Does chocolate reduce blood pressure? A meta-analysis
Ried et al. BMC Medicine 2010, 8:39
Karin Ried1*, Thomas Sullivan2, Peter Fakler1, Oliver R Frank1, Nigel P Stocks1
Background: Dark chocolate and flavanol-rich cocoa products have attracted interest as an alternative treatment
option for hypertension, a known risk factor for cardiovascular disease. Previous meta-analyses concluded that
cocoa-rich foods may reduce blood pressure. Recently, several additional trials have been conducted with
conflicting results. Our study summarises current evidence on the effect of flavanol-rich cocoa products on blood
pressure in hypertensive and normotensive individuals.
Methods: We searched Medline, Cochrane and international trial registries between 1955 and 2009 for randomised
controlled trials investigating the effect of cocoa as food or drink compared with placebo on systolic and diastolic
blood pressure (SBP/DBP) for a minimum duration of 2 weeks. We conducted random effects meta-analysis of all
studies fitting the inclusion criteria, as well as subgroup analysis by baseline blood pressure (hypertensive/
normotensive). Meta-regression analysis explored the association between type of treatment, dosage, duration or
baseline blood pressure and blood pressure outcome. Statistical significance was set at P < 0.05.
Results: Fifteen trial arms of 13 assessed studies met the inclusion criteria. Pooled meta-analysis of all trials
revealed a significant blood pressure-reducing effect of cocoa-chocolate compared with control (mean BP change
± SE: SBP: -3.2 ± 1.9 mmHg, P = 0.001; DBP: -2.0 ± 1.3 mmHg, P = 0.003). However, subgroup meta-analysis was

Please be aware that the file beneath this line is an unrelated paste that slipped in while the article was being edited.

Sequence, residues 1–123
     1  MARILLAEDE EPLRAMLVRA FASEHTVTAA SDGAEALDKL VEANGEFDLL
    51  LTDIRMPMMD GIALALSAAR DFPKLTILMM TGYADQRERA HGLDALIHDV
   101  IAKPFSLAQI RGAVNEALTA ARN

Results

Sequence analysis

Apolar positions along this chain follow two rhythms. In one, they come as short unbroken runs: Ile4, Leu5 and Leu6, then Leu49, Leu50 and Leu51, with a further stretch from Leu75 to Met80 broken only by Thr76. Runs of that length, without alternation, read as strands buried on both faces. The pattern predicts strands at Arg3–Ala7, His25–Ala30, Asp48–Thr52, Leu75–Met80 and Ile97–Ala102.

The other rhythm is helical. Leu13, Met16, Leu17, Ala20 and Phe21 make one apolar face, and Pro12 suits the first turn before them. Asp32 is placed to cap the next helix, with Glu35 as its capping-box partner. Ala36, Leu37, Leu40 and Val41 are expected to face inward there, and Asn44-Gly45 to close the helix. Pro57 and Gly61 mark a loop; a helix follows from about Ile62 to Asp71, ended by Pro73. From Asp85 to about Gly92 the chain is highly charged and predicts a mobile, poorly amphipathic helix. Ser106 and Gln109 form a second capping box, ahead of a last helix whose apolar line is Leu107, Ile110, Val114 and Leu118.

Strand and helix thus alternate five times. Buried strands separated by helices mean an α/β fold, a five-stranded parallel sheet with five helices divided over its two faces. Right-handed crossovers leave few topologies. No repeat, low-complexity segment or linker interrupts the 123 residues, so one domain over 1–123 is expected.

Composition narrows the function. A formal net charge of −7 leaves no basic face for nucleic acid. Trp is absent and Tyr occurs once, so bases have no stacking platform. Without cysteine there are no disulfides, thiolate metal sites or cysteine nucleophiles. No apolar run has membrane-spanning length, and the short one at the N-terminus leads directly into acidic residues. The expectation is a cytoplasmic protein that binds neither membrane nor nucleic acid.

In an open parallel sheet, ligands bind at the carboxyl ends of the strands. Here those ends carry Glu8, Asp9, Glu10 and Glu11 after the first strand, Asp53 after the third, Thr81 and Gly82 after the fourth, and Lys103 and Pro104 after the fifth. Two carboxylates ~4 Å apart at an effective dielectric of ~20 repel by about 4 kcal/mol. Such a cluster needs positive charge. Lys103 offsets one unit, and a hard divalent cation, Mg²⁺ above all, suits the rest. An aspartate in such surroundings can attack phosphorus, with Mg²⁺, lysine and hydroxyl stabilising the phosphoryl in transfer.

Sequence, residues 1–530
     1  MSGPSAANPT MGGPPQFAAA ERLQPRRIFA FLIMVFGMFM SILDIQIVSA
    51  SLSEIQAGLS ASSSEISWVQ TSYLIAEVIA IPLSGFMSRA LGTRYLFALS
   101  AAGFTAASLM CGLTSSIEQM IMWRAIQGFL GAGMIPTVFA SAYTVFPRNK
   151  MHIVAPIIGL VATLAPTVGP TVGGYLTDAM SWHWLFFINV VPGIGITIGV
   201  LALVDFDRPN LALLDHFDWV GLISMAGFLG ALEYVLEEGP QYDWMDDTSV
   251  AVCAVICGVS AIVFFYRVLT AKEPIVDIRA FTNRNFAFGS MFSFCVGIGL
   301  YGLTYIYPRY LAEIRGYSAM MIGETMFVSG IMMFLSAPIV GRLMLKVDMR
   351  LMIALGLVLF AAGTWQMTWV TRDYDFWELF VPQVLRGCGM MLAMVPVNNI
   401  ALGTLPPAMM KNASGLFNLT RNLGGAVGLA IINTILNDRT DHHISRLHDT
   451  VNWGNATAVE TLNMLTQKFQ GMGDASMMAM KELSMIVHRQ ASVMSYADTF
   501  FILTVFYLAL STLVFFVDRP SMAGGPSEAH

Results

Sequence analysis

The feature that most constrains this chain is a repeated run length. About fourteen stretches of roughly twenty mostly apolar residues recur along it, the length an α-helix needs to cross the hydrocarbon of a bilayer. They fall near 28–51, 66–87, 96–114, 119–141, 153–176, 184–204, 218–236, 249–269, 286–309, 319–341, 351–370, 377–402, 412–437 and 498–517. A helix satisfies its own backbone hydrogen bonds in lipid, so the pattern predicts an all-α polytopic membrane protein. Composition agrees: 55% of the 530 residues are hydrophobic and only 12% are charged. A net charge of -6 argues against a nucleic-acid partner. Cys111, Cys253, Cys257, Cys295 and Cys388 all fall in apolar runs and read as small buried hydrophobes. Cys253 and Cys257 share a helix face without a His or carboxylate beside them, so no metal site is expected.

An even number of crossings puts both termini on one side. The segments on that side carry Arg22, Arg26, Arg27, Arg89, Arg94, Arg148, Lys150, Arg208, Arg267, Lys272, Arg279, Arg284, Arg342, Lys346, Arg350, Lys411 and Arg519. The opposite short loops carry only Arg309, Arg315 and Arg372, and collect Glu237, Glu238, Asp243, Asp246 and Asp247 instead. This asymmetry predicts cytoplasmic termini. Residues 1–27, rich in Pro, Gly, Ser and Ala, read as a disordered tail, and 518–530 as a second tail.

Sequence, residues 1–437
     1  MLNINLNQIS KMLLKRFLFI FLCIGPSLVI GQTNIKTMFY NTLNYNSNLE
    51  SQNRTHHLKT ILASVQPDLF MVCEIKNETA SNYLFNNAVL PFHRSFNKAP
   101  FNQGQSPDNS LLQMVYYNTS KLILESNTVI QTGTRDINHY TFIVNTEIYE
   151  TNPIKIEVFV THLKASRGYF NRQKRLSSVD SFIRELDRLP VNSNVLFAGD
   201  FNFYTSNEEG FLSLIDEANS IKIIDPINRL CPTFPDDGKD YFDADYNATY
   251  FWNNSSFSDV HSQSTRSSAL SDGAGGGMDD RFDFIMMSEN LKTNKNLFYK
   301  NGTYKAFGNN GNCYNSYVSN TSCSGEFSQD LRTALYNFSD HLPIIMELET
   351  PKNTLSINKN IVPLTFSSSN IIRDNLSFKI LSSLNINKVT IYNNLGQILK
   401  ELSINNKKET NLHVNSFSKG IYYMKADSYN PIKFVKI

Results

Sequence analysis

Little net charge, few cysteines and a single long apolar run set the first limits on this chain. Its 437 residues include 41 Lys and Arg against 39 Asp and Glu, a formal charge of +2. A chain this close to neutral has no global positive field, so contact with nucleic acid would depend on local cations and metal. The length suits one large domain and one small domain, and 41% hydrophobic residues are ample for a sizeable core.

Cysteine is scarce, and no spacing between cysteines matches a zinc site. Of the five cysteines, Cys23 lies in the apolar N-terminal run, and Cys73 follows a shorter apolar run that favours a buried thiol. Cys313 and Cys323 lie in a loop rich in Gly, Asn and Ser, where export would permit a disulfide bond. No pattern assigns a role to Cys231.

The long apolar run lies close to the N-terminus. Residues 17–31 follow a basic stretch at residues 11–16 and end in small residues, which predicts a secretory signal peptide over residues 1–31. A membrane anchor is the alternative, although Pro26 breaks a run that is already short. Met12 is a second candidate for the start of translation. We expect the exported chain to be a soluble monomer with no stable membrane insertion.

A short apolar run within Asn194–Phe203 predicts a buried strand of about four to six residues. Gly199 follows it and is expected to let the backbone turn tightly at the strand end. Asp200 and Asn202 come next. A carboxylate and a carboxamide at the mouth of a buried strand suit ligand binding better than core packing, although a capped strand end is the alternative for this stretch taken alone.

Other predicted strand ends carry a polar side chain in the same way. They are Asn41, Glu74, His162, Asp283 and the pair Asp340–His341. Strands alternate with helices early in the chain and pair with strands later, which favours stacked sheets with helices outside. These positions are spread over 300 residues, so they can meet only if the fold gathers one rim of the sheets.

significant only for the hypertensive or prehypertensive subgroups (SBP: -5.0 ± 3.0 mmHg; P = 0.0009; DBP: -2.7 ±
2.2 mm Hg, P = 0.01), while BP was not significantly reduced in the normotensive subgroups (SBP: -1.6 ± 2.3
mmHg, P = 0.17; DBP: -1.3 ± 1.6 mmHg, P = 0.12). Nine trials used chocolate containing 50% to 70% cocoa
compared with white chocolate or other cocoa-free controls, while six trials compared high- with low-flavanol
cocoa products. Daily flavanol dosages ranged from 30 mg to 1000 mg in the active treatment groups, and
interventions ran for 2 to 18 weeks. Meta-regression analysis found study design and type of control to be
borderline significant but possibly indirect predictors for blood pressure outcome.
Conclusion: Our meta-analysis suggests that dark chocolate is superior to placebo in reducing systolic
hypertension or diastolic prehypertension. Flavanol-rich chocolate did not significantly reduce mean blood pressure
below 140 mmHg systolic or 80 mmHg diastolic.